A New UCLA Report for Chinese Regulators and Researchers
We are pleased to announce the release of a new UCLA Law Emmett Institute of Climate Change & Environment report on Emissions Trading in California: Lessons for China. As many of you know, China launched trading for its national greenhouse gas (GHG) emissions trading system (ETS) in 2021. By volume of emissions, the Chinese system …CONTINUE READING
Two new policy reports from an international research collaboration consider the design and implementation of emissions trading systems in China and California
Carbon markets are at a crossroads. As of 2021, 30 emissions trading systems were in force globally, covering 16–17% of global greenhouse gas (GHG) emissions. Last year, climate negotiators in Glasgow finalized the Paris Agreement rulebook for international cooperation through carbon markets, clearing the way for the expansion of emissions trading and carbon pricing worldwide. …CONTINUE READING
After the dark days of the Trump Era, environmental policy had a very good year
The continuing pandemic sometimes makes it feel like time is frozen. But 2021 was a big year for environmental policy. Politics. The biggest news of 2021, for the environment as well as other reasons, was the replacement of Donald Trump by Joseph Biden. On the regulatory front, the change in White House control instantly stopped …CONTINUE READING
One small step for climate action, one modest leap for US-China relations
Yesterday, China and the US announced a “Joint Glasgow Declaration on Enhancing Climate Action in the 2020s” (En/Ch) What to make of it? The short answer is that it only offers slight forward progress on climate action. Increased climate ambition from China and US in the short-term remains the critical metric and in this regard …CONTINUE READING
Chinese leaders have an opportunity to increase ambition and clarify the country’s climate plans
As COP26 kicks off in Glasgow, Scotland this week, the world is confronted with a basic reality. Current national climate pledges fall well-short of the Paris Agreement goal to keep global average temperature increase this century well below 2°C and to pursue efforts to limit temperature increase to 1.5°C above pre-industrial levels. The UN’s 2021 …CONTINUE READING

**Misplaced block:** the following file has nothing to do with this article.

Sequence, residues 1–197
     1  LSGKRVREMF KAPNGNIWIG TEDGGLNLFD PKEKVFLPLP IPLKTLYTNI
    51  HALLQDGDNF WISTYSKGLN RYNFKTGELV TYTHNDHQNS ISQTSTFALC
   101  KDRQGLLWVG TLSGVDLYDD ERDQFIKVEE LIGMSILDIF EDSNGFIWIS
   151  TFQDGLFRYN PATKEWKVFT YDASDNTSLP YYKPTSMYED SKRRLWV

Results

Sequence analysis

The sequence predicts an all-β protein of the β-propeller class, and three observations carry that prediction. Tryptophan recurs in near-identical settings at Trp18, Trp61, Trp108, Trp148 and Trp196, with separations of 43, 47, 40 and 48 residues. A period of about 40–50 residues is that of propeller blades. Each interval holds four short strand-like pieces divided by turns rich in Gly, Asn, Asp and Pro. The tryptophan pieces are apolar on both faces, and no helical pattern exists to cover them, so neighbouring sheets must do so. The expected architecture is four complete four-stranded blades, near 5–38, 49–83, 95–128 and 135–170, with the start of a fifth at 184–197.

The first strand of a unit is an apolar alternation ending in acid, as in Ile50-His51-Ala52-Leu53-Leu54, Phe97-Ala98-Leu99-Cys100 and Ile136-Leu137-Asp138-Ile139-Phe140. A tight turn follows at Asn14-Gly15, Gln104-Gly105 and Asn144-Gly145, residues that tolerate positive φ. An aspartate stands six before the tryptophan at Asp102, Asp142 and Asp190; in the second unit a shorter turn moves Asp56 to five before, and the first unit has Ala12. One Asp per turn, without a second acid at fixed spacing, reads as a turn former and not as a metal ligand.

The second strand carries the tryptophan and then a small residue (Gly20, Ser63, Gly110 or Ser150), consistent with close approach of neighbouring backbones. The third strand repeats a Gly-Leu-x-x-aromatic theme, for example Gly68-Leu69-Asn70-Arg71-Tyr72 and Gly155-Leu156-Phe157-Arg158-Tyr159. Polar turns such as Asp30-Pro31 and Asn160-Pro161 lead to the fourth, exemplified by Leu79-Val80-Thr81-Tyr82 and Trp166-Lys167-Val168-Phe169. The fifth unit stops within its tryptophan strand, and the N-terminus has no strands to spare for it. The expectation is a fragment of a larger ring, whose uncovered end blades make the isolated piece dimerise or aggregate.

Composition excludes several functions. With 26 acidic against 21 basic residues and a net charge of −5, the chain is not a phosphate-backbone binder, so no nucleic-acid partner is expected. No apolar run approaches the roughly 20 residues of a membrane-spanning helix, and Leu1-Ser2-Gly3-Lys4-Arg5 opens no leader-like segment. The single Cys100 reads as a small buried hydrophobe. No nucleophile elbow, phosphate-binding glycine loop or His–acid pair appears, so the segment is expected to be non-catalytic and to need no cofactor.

China and the EU took important steps forward this week.
This week has seen some big climate moves on opposite sides of the world. The EU has proposed a major new climate plan. Meanwhile, China is ready to go live with its emissions trading system. The U.S. is at risk of being left behind. The EU’s proposal is impressive. The goal is to cut net …CONTINUE READING
New climate pledges from China and the EU make the U.S. the only jurisdiction among the top three emitters without a carbon neutrality target
The biggest climate policy announcement of the week was not California Gov. Newsom’s Executive Order to ban the in-state sale of gas-powered passenger cars and trucks by 2035, although this move is a major advance for climate policy. Rather, the most important climate news was China’s announcement of an “aim” of achieving carbon neutrality by …CONTINUE READING
Chinese policymakers learn from California’s pioneering work on air and climate regulation.
We are pleased to announce the launch of a new report on Coordinated Governance of Air and Climate Pollutants: Lessons from the California Experience – authored by me, David Pettit at NRDC, and Siyi Shen. The report is an effort to introduce California’s experience in air and climate regulation to Chinese regulators and researchers. In …CONTINUE READING
Pressing Both Countries Toward Carbon Neutrality.
U.S.-China relations are perhaps at their lowest point in decades and there is no end in sight at the moment. Each week brings a barrage of new U.S. federal policy measures aimed at China. Against this backdrop, ChinaFile recently asked a group of China experts to opine on the prospects for U.S.-China relations in coming …CONTINUE READING
It’s getting harder for the U.S. to use Chinese inaction as an excuse.
China’s emissions trading program is slowly forward toward implementation. It’s by no means a perfect program, but it should result in significant emissions reductions. The Chinese program has some features that make it less cost-effective. Nonetheless, researchers at RFF concluded that the climate benefits will be three times the cost of emission reductions. They didn’t …CONTINUE READING